Feature Article - July 2007
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Pump Up the Fun

What’s new on the playground?

By Stacy St. Clair

Under cover

Just a few short years ago, Warnick Jewish Day School faced a recreational dilemma. The school, located in Foster City, Calif., liked to give students a chance to enjoy the great outdoors, but officials didn't want them exposed to the merciless elements.

"This place gets intense sunlight," said Bill Post, Warnick's director of operations. "California has a lot of wonderful qualities, but we use a lot of sunscreen here."

To combat the problem, the school installed two shade structures. One went over the picnic area, and the other covered the playground.

It's no exaggeration to say the decision may very well help save lives. Experts say placing shade protection over playgrounds serves as an invaluable strategy in the fight against skin cancer.

The depletion of the earth's ozone is increasing our exposure to the sun's dangerous ultraviolet (UV) rays. With more than 1 million new cases diagnosed each year, skin cancer currently ranks among the fastest-growing cancers in the United States. A baby born today is twice as likely to develop skin cancer as a child born 10 years ago. Research also shows that as few as two severe sunburns during childhood double the chance of developing potentially deadly melanoma later in life.

One American dies of melanoma every 65 minutes, according to the American Academy of Dermatology. In 2007, an estimated 8,110 deaths will be attributed to melanoma in the United States, while another 2,740 will be from other types of skin cancer. A staggering 5,220 men and 2,890 women will succumb to melanoma, with older white Caucasian males having the highest mortality rates.

Worldwide, the numbers are even more staggering. The World Health Organization estimates that as many as 60,000 people a year die from too much sun, mostly from malignant skin lesions. About 90 percent of these deaths stem from overexposure to UV rays.

Though the human toll is the most important reason to worry about skin cancer's deadly impact, there are also fiduciary reasons for concern. Each year, the total direct cost of treating non-melanoma skin cancer alone is a jaw-dropping $1.5 billion.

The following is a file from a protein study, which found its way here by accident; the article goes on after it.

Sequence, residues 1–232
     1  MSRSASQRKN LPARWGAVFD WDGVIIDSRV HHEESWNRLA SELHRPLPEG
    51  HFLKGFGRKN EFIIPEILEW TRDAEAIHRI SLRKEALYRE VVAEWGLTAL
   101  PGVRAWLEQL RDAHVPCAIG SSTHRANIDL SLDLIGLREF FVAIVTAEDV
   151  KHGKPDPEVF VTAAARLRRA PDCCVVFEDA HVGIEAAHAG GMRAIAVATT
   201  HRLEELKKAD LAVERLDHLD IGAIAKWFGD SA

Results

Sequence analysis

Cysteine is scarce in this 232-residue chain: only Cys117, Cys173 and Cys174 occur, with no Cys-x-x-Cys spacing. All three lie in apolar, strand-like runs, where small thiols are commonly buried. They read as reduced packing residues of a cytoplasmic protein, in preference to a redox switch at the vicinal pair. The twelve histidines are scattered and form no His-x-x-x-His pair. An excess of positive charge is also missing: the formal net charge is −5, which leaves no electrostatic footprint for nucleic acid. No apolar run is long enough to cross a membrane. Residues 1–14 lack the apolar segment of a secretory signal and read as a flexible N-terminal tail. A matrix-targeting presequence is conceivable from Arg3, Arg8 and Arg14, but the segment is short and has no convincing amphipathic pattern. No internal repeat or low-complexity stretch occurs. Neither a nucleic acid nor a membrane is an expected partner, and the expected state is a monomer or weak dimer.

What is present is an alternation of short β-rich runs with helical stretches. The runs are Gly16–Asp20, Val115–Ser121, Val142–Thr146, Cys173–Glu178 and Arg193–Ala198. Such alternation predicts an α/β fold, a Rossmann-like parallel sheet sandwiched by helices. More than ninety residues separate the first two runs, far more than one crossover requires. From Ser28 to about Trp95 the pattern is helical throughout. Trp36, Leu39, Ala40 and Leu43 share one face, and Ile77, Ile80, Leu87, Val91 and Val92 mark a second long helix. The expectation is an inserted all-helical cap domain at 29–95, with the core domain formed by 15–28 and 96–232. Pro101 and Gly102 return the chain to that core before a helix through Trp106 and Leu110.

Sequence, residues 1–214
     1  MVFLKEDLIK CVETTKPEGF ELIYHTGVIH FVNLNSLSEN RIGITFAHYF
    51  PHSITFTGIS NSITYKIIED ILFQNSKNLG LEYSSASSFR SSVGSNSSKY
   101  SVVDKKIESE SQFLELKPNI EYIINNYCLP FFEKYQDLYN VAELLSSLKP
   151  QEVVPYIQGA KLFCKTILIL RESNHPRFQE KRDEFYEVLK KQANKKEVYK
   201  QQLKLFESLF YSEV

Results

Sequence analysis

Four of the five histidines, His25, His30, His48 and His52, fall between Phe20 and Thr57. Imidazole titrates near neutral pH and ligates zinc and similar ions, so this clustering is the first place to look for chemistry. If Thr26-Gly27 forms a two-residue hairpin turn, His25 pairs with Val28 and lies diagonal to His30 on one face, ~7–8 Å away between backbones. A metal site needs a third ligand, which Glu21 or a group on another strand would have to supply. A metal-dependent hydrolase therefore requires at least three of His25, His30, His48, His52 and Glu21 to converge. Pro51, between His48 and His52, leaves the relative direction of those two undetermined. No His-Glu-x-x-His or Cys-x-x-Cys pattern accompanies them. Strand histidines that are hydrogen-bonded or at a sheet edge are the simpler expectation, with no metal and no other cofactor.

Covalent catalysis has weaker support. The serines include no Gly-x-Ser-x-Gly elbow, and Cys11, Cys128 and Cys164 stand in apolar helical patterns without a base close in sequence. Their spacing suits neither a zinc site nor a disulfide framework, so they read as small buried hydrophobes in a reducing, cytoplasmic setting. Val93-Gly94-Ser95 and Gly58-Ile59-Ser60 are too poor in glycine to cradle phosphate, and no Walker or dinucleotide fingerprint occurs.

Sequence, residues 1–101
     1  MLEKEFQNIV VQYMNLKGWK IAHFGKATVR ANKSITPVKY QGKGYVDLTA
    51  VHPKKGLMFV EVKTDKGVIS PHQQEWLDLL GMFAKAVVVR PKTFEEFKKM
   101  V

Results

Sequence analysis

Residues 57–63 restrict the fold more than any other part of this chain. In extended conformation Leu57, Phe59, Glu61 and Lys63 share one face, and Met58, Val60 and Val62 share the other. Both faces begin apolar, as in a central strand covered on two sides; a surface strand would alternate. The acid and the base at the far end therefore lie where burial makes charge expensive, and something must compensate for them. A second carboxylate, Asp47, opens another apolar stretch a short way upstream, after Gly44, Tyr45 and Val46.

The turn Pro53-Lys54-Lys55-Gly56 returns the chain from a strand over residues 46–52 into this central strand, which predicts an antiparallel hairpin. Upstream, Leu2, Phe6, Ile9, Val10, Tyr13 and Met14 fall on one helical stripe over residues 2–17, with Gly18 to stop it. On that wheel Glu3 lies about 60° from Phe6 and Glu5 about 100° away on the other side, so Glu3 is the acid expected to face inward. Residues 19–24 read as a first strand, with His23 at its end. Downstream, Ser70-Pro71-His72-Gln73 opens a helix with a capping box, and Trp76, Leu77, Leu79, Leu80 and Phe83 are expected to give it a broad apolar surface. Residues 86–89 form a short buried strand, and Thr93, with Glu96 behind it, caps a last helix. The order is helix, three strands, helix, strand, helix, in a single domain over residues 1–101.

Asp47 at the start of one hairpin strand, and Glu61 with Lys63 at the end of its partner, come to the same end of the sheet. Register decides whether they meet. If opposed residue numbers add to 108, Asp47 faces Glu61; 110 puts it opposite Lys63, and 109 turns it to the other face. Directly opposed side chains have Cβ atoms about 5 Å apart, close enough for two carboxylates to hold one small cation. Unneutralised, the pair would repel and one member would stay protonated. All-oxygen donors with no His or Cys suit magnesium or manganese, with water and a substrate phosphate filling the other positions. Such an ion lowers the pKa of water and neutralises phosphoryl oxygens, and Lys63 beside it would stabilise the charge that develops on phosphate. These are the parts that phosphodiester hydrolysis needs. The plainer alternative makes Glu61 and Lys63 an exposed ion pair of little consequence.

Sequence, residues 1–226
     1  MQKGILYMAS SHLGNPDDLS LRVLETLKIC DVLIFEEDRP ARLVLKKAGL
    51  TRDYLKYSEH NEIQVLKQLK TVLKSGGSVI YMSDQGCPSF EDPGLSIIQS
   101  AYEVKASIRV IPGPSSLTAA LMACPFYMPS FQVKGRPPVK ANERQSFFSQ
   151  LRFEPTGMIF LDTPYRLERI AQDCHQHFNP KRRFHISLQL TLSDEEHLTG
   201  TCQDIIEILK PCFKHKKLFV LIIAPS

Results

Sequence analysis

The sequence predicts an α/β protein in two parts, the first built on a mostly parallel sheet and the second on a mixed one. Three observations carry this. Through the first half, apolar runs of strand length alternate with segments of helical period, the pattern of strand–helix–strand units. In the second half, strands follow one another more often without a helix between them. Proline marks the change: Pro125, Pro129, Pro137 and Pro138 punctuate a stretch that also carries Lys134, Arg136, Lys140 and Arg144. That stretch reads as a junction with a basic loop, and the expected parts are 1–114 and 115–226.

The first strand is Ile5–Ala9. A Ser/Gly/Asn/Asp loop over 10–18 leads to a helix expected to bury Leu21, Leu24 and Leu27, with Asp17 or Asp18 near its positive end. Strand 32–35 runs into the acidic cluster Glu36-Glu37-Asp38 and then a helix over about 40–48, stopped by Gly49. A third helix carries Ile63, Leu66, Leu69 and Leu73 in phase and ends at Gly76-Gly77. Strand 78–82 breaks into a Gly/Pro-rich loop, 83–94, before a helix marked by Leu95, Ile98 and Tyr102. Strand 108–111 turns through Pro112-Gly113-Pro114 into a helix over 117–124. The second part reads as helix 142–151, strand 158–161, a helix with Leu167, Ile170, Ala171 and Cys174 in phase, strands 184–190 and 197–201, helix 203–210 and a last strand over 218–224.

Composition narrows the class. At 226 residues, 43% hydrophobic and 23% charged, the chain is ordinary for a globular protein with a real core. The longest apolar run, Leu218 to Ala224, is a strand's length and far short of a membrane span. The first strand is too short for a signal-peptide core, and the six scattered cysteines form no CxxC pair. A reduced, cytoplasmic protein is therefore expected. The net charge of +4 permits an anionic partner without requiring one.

But the benefits of shade structures go beyond just protecting kids' health. The shade structures also allow the equipment to be used in inclement weather, thus bolstering usage and providing constant fitness opportunities. In short, this once-optional park amenity has become a required element where the public's health and welfare is concerned.

Fortunately, the shade industry has proven a willing ally in the fight against UV ray exposure with long-lasting, durable and attractive components. The best elements offer extensive warranties and come in a range of colors and shapes.

At Warnick Jewish Day School, the shade structures have bolstered outdoor programming. Students now eat their lunches under the shade structures, while the playground is getting more use than it ever did before.

The shade elements give children a place to play even during inclement weather. Having a rainy-day option is an important perk in Foster City, where the residents are no strangers to daily precipitation.

"It was awful before," Post said. "Kids were in rain or direct sunlight. There was no protected area on the entire campus."

Post now cheers his shade structures, which he says are well-constructed and shield his students well in both rain showers and sunshine. The structures also add a little pizzazz to the campus.

"The shade structure is the single best thing we have going on campus," Post said. "We have no regrets and would do it again. It's one of the favorite creature comforts."

When purchasing a new shade system, be sure to ask yourself several questions: What is the warranty on rust through corrosion on metal components? What is the deterioration warranty on fabric canopies, including stitching thread? And, most importantly, what percentage of UV rays does the canopy screen?